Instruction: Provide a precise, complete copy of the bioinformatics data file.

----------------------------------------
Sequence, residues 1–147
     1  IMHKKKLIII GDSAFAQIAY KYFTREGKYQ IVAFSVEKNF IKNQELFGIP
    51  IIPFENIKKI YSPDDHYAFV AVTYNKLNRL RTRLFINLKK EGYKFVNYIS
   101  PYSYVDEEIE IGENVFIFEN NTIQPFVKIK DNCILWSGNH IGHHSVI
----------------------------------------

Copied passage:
Sequence, residues 1–147
     1  IMHKKKLIII GDSAFAQIAY KYFTREGKYQ IVAFSVEKNF IKNQELFGIP
    51  IIPFENIKKI YSPDDHYAFV AVTYNKLNRL RTRLFINLKK EGYKFVNYIS
   101  PYSYVDEEIE IGENVFIFEN NTIQPFVKIK DNCILWSGNH IGHHSVI